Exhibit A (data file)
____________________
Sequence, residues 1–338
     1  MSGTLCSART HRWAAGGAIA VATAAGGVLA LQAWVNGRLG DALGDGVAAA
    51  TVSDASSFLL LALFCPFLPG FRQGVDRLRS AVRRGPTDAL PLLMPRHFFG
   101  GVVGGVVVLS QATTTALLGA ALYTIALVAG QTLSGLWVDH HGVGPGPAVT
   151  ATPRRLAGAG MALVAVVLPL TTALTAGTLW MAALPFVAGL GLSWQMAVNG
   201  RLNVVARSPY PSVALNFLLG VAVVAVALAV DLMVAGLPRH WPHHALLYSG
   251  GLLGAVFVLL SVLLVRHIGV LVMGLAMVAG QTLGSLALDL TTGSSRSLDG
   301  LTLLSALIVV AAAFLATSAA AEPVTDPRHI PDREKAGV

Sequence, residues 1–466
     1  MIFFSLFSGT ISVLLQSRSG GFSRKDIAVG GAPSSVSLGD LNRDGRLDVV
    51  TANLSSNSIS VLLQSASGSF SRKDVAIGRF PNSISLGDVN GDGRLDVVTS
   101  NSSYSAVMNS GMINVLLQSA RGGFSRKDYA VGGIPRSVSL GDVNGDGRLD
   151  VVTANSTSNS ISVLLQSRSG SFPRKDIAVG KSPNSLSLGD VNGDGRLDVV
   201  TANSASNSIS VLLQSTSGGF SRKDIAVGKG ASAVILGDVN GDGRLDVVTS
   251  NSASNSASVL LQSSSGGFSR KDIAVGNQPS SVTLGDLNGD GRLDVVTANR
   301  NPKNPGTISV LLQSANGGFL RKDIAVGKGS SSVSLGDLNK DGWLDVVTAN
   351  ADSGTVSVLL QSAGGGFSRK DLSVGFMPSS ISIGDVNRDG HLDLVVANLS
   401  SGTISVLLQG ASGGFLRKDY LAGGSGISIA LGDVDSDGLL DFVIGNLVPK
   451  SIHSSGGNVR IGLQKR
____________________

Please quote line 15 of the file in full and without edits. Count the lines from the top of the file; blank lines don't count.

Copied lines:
   251  NSASNSASVL LQSSSGGFSR KDIAVGNQPS SVTLGDLNGD GRLDVVTANR